Hottenroth, Garverick, Tilson & Garverick, Co., L.P.A.

Honest And Fair Hometown Attorneys With Decades Of Experience

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DUE TO THE CORONAVIRUS OUTBREAK :

  • We are still working, but our office is not open to the general public. We will be conducting appointments and other business by phone. Call us at 419-468-5044.
  • To drop off papers or payments, please place items in the slot in our back door or call 419-468-5044 to make arrangements.
  • To pick things up, make credit/debit card payments, and conduct other business, call 419-468-5044.
  • We are still receiving our US mail, so you can still send us things.
  • We regret any inconvenience, but everyone’s safety is of utmost importance.

Take me out to the ballgame (but bring the netting)

If it’s October, you know that Major League Baseball (M.L.B.) fans are preparing to attend the World Series games. Football fans may have their Super Bowl, but the final weeks of October are hallowed time for devoted fans of America’s pastime.

Regardless of which teams wind up in the World Series games this year, seeing them live in the stadium is a real treat, especially if you have premium seats. But just how safe are those seats?

Baseball fans suffer severe injuries

In the past, M.L.B. fans — including some young children — have suffered life-threatening injuries from being struck in the head, face and chest areas by fast-pitched balls and other projectiles.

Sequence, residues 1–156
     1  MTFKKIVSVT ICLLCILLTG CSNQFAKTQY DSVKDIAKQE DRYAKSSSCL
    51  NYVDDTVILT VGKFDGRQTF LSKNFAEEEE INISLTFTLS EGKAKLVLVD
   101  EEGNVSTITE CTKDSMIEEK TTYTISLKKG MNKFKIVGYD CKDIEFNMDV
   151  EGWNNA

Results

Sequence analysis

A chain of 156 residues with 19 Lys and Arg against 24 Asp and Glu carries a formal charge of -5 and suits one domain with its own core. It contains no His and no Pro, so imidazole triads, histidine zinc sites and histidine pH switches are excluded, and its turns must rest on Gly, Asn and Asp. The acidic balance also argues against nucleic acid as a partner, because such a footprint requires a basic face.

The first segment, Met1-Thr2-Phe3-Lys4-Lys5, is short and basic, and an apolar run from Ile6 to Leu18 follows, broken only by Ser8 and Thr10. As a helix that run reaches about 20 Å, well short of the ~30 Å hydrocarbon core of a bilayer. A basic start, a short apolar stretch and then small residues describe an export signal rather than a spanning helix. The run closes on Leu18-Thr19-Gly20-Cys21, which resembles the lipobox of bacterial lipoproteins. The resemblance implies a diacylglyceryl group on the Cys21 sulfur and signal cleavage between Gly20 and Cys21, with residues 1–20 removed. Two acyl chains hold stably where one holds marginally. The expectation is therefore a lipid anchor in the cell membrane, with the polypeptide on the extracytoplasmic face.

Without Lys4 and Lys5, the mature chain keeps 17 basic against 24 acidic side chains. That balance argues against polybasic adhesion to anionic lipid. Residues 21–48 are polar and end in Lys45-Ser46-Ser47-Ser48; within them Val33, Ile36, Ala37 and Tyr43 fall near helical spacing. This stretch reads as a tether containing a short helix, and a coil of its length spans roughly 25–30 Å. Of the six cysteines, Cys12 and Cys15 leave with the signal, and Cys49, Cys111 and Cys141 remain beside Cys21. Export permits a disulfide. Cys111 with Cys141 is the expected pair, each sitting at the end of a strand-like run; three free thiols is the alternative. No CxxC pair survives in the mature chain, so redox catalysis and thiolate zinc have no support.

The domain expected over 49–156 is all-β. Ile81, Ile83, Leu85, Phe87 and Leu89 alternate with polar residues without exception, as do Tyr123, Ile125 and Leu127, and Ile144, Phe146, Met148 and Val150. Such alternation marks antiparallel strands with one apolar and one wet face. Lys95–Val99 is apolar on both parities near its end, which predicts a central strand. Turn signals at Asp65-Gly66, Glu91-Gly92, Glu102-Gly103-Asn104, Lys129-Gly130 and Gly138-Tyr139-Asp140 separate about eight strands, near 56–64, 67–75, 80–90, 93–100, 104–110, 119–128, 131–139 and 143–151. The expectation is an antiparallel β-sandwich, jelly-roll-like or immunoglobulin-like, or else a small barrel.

The problem is real. In 2014, Bloomberg News conducted a survey of fan injuries at M.L.B. games. They determined that approximately 1,750 people get injured annually at these games.

As a response to the industry-wide problem and ensuing personal injury and class action lawsuits, team owners and stadium officials vowed to reduce injuries and liability by installing protective netting.

The M.L.B. recommended that netting be extended from home plate to dugout’s edge.

As it turns out, there have been mixed results regarding compliance with the recommendation, which also prompts fans to be notified at the time of purchase whether their seats will be behind the netted areas.

Role of smartphones in danger

While there has always been a real risk of injury to fans from a splintered bat or speeding fastball, the distraction caused by fans engaging with their cellphones in the ballpark has substantially increased the risk. Baseball can have its slower moments, but staying off your cellphone and watching the on-field action could potentially save fans’ lives.

What recourse do injured fans have?

There is somewhat of an assumed risk to sit in the ballpark of an M.L.B. game. After all, men with very strong arms are pitching 90 mph fastballs and knocking them right out of the park. But that doesn’t entirely absolve any potential defendants of negligence in these type of cases.

Your injuries may not even be from a team’s ball or bat. Drunken and unruly fans pose hazards to those around them in the stands and elsewhere during games. That’s one reason why stadiums hire security teams to remove those who pose a danger to themselves or others in the stands.

If you wind up injured at a professional sporting event, you may be able to seek financial compensation for your injuries, losses and other damages.